This book advances a much-needed and transformational agenda for making architecture today through a close reading of cross-laminated timber (CLT) and its material unit, the CLT blank. Both matter-of-fact and multivalent, economical and excessive, the blank has untapped potential for experimentation, innovation, and research in architecture at various scales. Blank brings together texts and work from a wide range of theorists and practitioners who make CLT central to their inquiry and, in turn, suggest design approaches that broaden the material’s cultural, spatial, and technological significance for architecture, education, engineering, and industry.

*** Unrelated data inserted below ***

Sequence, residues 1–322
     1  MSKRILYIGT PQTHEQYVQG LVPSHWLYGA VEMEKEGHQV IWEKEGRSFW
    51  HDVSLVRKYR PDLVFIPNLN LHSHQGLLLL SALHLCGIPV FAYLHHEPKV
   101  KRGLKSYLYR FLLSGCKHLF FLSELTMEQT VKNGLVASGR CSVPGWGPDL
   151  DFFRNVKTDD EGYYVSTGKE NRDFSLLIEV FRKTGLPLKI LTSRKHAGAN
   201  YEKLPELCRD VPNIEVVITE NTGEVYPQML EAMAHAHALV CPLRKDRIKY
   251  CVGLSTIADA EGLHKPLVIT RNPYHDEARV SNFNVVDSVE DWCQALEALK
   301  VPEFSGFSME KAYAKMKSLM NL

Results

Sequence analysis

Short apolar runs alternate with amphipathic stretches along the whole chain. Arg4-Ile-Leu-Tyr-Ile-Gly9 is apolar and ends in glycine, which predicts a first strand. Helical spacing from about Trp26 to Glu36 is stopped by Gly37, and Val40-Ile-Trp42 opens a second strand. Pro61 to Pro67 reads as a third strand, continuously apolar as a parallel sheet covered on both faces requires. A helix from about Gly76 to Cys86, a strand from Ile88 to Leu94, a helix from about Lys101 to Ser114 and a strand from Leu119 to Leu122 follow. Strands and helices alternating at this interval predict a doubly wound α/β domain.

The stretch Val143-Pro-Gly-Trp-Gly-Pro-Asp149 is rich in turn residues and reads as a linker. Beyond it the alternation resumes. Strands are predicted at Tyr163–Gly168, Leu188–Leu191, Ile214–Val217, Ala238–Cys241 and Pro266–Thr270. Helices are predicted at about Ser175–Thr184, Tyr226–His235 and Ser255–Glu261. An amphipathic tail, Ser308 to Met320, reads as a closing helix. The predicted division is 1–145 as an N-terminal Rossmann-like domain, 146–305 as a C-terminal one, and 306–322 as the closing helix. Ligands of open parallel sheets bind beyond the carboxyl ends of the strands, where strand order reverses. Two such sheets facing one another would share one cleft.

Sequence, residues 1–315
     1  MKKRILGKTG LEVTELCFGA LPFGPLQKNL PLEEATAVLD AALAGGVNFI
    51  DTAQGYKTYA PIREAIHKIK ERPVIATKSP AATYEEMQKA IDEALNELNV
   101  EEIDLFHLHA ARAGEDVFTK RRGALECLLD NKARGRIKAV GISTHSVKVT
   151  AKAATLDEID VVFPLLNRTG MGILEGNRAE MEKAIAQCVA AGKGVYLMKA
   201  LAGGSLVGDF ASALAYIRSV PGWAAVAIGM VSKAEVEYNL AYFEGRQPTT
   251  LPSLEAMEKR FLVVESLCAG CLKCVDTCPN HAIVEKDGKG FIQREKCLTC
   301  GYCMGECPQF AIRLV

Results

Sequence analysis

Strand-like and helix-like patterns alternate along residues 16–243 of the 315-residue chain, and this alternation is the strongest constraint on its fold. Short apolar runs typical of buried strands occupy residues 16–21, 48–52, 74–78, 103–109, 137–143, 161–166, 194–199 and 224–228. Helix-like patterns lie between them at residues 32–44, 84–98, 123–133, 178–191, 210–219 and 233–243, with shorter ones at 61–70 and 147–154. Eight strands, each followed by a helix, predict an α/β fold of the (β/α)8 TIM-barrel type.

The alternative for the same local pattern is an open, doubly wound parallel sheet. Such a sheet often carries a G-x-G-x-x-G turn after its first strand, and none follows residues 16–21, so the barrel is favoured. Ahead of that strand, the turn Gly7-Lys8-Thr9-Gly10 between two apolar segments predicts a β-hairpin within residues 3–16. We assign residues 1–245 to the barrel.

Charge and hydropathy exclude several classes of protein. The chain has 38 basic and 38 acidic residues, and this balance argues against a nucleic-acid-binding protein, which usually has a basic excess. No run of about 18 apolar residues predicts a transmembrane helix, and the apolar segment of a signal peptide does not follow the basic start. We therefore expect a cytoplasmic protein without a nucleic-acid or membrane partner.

The book claims new conceptual territory for a material with extensive appeal whose theorization has been stuck in narratives of its sustainability. Slippages between art, architecture, and science help position Blank as an antidote to current conversations about CLT, which are fixated on its mass production and carbon footprint, portraying it as a bland product rather than an enabler of design. The book argues for the material’s aesthetic and spatial potential, conjuring the kind of world that CLT can create. Striking visuals contribute to repositioning CLT architecture though new forms of representation and design responses that continue to stay in touch with pragmatics.